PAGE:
Do Chickens Qualify for Ag Exemption in Texas?

Two gold eggs in nest

If you live in Texas or you’re considering starting a new life in Texas, you may have heard of the ag exemption that could save you some coin. This exemption allows you to be placed under a different valuation method and consequently enjoy tax savings.

As is common for tax schemes, you will have to meet certain conditions, like having to own a certain number of acres or a designated number of animal units to qualify for the exemption. The question is: do keeping chickens qualify me for the ag exemption? You may well qualify depending on the number of hens and their use.

Chickens may be eligible for the Ag exemption, provided they can genuinely be considered an integral part of an agricultural business. I.E. you sell eggs or meat for a profit and you have obtained the necessary permits from the relevant authorities.

You will be required to meet some basic requirements which we will discuss below.

In this article, we’ll guide you through what the ag exemption is and how your agricultural land lay qualify. Do note, that this quick overview does not constitute professional advice, and you are advised to contact an accountant, lawyer, or your county clerk.

What Is the Texas Ag Exemption?

First, let’s first clarify what the Agriculture Exemption is.

The Ag exemption is a property evaluation in which a farmer can have their land appraised based on the land’s capacity to produce agricultural goods. Depending on the market value and type of valuation requested, farmers who qualify will typically see significant tax savings.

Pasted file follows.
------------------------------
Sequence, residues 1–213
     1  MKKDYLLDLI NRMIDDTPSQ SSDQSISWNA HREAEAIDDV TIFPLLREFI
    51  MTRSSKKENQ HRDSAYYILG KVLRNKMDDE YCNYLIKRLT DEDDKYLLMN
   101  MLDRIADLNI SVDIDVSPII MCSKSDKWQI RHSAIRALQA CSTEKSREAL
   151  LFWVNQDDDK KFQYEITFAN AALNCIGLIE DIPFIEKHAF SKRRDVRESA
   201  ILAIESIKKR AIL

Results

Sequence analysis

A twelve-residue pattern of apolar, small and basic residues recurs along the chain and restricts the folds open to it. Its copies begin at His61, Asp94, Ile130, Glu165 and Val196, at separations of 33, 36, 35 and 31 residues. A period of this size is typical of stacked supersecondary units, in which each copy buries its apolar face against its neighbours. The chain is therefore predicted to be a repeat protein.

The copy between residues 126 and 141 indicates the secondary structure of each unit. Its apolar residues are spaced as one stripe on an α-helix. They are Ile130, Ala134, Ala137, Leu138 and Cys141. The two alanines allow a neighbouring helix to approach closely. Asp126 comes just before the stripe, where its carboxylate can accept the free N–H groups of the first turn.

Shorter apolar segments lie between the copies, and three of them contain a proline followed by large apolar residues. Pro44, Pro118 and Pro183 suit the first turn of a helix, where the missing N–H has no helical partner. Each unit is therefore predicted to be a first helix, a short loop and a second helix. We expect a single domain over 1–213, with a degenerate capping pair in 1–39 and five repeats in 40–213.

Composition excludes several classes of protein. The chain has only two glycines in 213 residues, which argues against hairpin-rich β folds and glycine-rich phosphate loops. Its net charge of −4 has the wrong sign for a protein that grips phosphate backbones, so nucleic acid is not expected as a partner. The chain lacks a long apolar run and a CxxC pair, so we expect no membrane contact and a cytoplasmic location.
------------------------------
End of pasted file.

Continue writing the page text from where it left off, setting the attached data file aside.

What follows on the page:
Technically, this is not a different tax rate for farmers. Instead, it’s a different way of calculating property values which leads to lower valuations and thus a lower property tax.

However, not everyone may be eligible for the ag exemption. As such, farmers will have to apply for the exemption during a set period in a year and wait for a valuation from the authorities before benefiting from the new valuation.

There are a variety of prior requirements that a farmer must meet before they qualify for the ag exemption. For example, you may have to own a certain amount of land or raise your animals solely for the purpose of sales.

Things to Consider Before Applying for the Texas Ag Exemption

Now that you’re aware of what the ag exemption is, perhaps you’ll be interested in applying. While the process is not overly complicated, there are a few things you should consider before you go on.

What Are the Requirements to Apply for an Ag Exemption in Texas?

If you’re interested in applying for an ag exemption in Texas, here are some of the requirements you’ll need to first meet:

  • You must have agricultural land of 10 acres or more.
  • One animal unit per 5 to 10 acres of agricultural land. Animal units are subjected to the breakdowns below:
    • One cow, calf, or horse = One animal unit
    • One bull = One and a half animal units
    • Six sheep or goats = One animal unit
    • Two miniature horses or donkeys = One animal unit

Chickens may be considered animal units, depending on how they are used:

  • You must be a farmer or rancher raising chickens for sale.